That’s my rant for today.  Do you ever lose the ability to speak?  Got any tips for helping those around you understand when that happens?  Do you use assisted communication, and do you get any pushback from other people about that?  Have you been accused of faking it, throwing a tantrum, or being manipulative when you just couldn’t tell people what was going on?  How do you handle it?

If you found this article helpful or you like what I do here, you can support this blog on Patreon or buy me a coffee.


  1. ward

    October 8, 2021 at 11:22 pm

    Just want to say a quick thank you, bc this is the only explanation I’ve been able to find that fits what I experience. I panic and freeze, unable to speak, and never was able to figure out how to explain it (closest I got was selective mutism, but I knew that wasn’t quite right). Thank you and hope you’re doing well <3

  2. Ander Jem Miskinis

    December 4, 2021 at 11:31 am

    I, like you, have a wide range of words in my arsenal. I grew up being told that I was very smart because I knew words my classmates didn’t. However this got me in trouble because when I would “go mute” people would always be rather annoyed and tell me I was faking it for attention. I am 26 years old now and I know quite a lot of sign language and I also keep a AAC tablet with me when I go out just in case my anxiety causes me to go mute. I have never been able to explain quite clearly enough to people why I cannot speak in these moments. I think I may show them this post. It may help them understand a little better. Thanks!

    1. Grace

      December 4, 2021 at 12:34 pm

      Glad this was helpful! I’ve tried learning ASL, but there’s few people who understand it in my area so it hasn’t helped as much as I wanted. I do sometimes text instead of speaking, especially if I’m very stressed and can’t get somewhere to decompress.

  3. Mitch Bane

    February 10, 2022 at 9:27 am

    I am currently doing research on being semi-verbal because I woke up today and don’t want to/can’t speak. If I try, I get pressure in my chest and it’s really uncomfortable. I don’t know what to do because I’m in class right now and I have three more classes today. When does your speech usually come back?

    1. Grace

      February 10, 2022 at 9:50 am

      That’s rough, I hope you feel more relaxed soon!
      My speech tends to come back when I get more relaxed or more comfortable. Sometimes stimming can help me get regulated enough to speak again, other times it just takes time. If I were in your position, I would seek out some pleasant sensory input and get some stimming in to get my brain back in a good place.
      All the best!

      1. Jayson

        April 14, 2022 at 9:16 pm

        I sometimes experience something like this when I’m anxious or have sensory overload, and sometimes for seemingly no reason at all, but I don’t know if it’s being semi-verbal exactly? I’m capable of speech when I feel like this and can talk if I have to, but it feels uncomfortable (mentally) to do so and I’d much rather stay silent. Would an aversion to speaking count as being semi-verbal or would you have to be actually unable to speak or have some sort of physical discomfort when trying to speak, or when speaking?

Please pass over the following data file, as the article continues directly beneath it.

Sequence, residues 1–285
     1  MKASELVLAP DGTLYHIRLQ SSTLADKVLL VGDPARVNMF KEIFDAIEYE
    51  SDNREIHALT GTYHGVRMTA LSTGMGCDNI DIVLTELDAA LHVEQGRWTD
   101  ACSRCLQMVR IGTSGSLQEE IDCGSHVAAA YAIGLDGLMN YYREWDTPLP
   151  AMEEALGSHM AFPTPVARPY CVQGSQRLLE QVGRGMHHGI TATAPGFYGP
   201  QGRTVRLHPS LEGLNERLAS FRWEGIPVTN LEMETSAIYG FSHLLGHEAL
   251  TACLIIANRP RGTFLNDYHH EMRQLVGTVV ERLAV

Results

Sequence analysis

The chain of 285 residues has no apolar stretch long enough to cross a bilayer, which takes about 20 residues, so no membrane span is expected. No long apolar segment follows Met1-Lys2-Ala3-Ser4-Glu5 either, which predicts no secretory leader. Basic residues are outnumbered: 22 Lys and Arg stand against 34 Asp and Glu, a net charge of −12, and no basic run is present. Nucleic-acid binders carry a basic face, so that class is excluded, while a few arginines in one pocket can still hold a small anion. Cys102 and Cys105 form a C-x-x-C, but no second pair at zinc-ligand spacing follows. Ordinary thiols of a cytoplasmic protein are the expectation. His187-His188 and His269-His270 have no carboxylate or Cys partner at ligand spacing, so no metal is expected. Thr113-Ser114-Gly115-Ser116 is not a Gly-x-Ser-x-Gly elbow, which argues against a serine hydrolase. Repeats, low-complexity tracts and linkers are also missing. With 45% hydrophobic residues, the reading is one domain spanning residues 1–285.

1. Grace

          April 14, 2022 at 9:35 pm

          I really don’t know if there are clear lines on that. I also have times where I *can* speak but it’s hard or takes more effort due to overload or exhaustion. Since I’m not a fully non-speaking person, I can’t say for sure if they consider it a clear delineation, but I think the most important thing is to understand yourself and how to take care of yourself in those times when speech gets so difficult. Maybe use text or write, let your close friends and family know that you don’t feel up to talking at the moment, but you can still communicate.

          1. Kim

            November 25, 2022 at 9:40 pm

            Great suggestions! I know this approach has been greatly beneficial for me! People who accept my need to use AAC have been greatly beneficial in increasing my motivation to communicate at all!

  4. Sabrina

    May 24, 2022 at 9:36 am

    This helps me because I have autism (I’m not diagnosed yet though, my mom doesn’t want to admit I might have it) and I relate to so many symptoms, and when it comes to people having non-verbal episodes, I say that I somewhat relate because I don’t stop talking for days at a time. Normally, it’s only an hour or two. It happens when I get stressed, anxious, angry or sad. But learning that being semi-verbal is a thing helps me out a lot. Thank you so much for helping me understand myself more.

  5. Noah

    June 5, 2022 at 10:32 am

    This pretty much sums up my experience perfectly. Thank you so much for making this 🙂

  6. Kim

    November 25, 2022 at 9:37 pm

    Great explanation! I do wish people would stop calling this kind of speech shutdown or difficulty “selective mutism”!! They two aren’t the same at all, in my experience! I also wish people would stop assuming that, because of my intelligence, my speech issues “have to be” only caused by anxiety, or some other “common” experience NTs have! There are various physical, cognitive, and trauma related issues involved, that are all interconnected. AAC is a wonderful thing for me!! I’m so glad it’s so much easier to come by than it used to be! I could say more, but it’s probably easier to direct you to waht I’ve said on my blog, in various places. Tags AAC, Speech, and Communication.

Leave a Reply